Key matchup: Giants defense vs. Panthers QB Cam Newton
We should find out pretty quickly on Thursday night whether the Giants will be employing their version of a spy cam.
Rather, make that Spy Cam.
Newton, who broke out this season on Sunday with a career-high 71 rushing yards employing a series of read-option plays against the Saints, will be a task for the Giants’ defense. But will the Panthers’ game plan for this contest look more like what they ran against the Buccaneers in Tampa in Week One or the one they rolled out Sunday?
You could understand why the Panthers wanted to throw against the Bucs (36 dropbacks) with Ronde Barber moving to safety and rookie Mark Barron starting alongside him. But why did they forget about the run (13 attempts, 10 yards)? Perhaps some of it had to do with the fact that Bucs head coach Greg Schiano had six months to game plan for Newton and was familiar with stopping the option and rushing quarterbacks from his time at Rutgers.
The Panthers were smart to attack an undisciplined Saints defense with their Newton-centric attack. They got back to the run (it helped that RB Jonathan Stewart was back for this game) and unleashed a smart, diverse attack that built from the run game — and Newton — outward. It started with him reading the defensive end and making pitches to Stewart or DeAngelo Williams or keeping it himself. The Panthers gained a whopping 219 yards on 41 carries.
And guess what? Newton’s passing became more lethal. The Saints’ ends had to play contain more than rush upfield. That’s one way the Panthers can slow the Giants’ talented pass ushers.
A great example of this came Sunday when the Saints blitzed heavily (rushed seven) with two safeties and a linebacker on a 1st-and-10 from the Saints’ 17-yard line. Newton was in the shotgun, faked play-action twice, drew in the defense and tossed the ball to Stewart, who had open field in front of him for an easy score.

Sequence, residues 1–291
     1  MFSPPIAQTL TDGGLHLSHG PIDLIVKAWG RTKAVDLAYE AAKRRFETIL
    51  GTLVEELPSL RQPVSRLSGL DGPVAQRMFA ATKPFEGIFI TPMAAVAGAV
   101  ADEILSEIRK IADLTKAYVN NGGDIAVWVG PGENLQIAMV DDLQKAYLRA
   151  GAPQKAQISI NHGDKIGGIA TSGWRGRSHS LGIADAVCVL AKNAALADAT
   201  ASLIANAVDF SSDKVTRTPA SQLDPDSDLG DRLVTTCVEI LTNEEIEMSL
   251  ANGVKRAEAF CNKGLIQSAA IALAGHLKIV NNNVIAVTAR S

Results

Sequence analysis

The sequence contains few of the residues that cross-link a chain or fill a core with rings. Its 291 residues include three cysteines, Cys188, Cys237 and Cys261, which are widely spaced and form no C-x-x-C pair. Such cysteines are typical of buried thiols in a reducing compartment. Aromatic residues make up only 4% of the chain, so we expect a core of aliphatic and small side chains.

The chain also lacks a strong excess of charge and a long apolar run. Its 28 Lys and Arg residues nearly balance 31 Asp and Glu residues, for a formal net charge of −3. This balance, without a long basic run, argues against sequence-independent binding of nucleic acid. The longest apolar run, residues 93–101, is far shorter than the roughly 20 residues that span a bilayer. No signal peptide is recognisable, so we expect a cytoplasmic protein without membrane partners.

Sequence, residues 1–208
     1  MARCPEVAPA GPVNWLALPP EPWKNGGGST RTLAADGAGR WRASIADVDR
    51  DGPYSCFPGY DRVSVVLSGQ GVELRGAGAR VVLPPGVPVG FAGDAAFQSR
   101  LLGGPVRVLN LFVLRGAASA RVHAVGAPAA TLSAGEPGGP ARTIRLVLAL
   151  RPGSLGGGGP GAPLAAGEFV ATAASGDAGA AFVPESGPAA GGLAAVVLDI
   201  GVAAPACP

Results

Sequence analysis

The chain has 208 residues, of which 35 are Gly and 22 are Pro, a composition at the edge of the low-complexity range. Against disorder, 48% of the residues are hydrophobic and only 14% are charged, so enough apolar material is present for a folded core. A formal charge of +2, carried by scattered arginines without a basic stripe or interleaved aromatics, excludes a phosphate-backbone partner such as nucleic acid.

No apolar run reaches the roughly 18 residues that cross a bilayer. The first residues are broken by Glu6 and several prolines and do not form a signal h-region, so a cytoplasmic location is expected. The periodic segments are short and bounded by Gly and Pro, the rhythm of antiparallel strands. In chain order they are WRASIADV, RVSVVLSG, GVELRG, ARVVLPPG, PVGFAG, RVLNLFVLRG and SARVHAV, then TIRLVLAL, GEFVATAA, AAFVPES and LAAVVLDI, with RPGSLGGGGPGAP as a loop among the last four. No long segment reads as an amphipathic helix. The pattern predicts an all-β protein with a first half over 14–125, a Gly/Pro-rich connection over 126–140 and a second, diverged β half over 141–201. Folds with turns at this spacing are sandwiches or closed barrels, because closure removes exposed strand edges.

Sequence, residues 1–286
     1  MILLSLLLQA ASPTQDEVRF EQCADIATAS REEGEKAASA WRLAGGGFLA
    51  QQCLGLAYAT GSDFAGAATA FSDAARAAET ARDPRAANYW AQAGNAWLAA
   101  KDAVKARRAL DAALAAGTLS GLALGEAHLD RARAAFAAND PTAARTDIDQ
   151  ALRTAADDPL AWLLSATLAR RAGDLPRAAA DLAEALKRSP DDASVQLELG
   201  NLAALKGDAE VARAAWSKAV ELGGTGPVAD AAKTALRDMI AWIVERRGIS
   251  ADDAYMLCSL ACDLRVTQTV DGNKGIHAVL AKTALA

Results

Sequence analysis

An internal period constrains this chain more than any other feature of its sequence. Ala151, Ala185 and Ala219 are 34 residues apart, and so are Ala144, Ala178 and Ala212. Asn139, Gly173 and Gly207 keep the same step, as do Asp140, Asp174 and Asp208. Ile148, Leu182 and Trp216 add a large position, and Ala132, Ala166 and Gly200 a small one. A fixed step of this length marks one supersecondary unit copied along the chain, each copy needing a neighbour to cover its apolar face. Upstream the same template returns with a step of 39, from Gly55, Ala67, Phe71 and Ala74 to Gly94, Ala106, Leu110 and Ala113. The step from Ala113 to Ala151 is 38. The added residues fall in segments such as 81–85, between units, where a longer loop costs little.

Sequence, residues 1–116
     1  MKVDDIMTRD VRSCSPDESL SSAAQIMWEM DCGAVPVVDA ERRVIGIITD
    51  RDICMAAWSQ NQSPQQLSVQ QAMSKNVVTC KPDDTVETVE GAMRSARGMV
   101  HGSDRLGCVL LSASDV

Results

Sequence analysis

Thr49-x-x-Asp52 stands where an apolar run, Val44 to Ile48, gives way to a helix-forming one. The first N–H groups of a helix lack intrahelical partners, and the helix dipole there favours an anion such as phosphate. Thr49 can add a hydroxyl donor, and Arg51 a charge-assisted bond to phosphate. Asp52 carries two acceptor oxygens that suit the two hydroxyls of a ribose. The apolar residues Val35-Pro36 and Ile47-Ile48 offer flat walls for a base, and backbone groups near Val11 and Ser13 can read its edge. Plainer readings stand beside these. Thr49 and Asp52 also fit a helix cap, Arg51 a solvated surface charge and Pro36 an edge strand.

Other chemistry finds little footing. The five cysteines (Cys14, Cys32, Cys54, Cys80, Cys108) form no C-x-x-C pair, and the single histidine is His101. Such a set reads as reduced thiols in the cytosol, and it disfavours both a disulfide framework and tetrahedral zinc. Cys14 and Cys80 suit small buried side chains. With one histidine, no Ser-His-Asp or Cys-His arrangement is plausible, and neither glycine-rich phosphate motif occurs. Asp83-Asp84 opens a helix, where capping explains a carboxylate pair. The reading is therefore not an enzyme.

The Giants are far more disciplined, assignment-wise, than the Saints. No question. Their ends can drop and play the run; they are athletic and move extremely well laterally. But they also can be aggressive, sometimes overly so, too. Defensive coordinator Perry Fewell knows his defenders must keep their gaps controlled and carry out their assignments well against Newton and his run-pass ability.
“Well, I do like our athletes at (linebacker),” Fewell said Tuesday. “There’s no doubt about that. When we face a guy like Cam and a guy like Michael (Vick), you have to have 11 guys, not just the linebackers alone, but I do like our linebackers and the speed of our ’backers and the way that they can run and be able to defend these guys. You have to have all 11 guys looking at these guys and really know where these guys are, because they can bust out at any point in time.
“If it’s necessary, yes, I’ll use a spy. Versus an athletic quarterback like Cam Newton, or Michael Vick, there’s no doubt about it.”
So whether it’s Michael Boley, Keith Rivers or perhaps a Giants safety, someone likely will be keeping tabs on Cam on Thursday for at least part of the game, depending on the situation. If Newton and Co. can freeze those spies with play-action, the Giants’ coverage — which has been poor so far this season — could be in trouble against WRs Steve Smith and Brandon LaFell. Stopping the run early in the game, and on early downs, is always a key against the Panthers.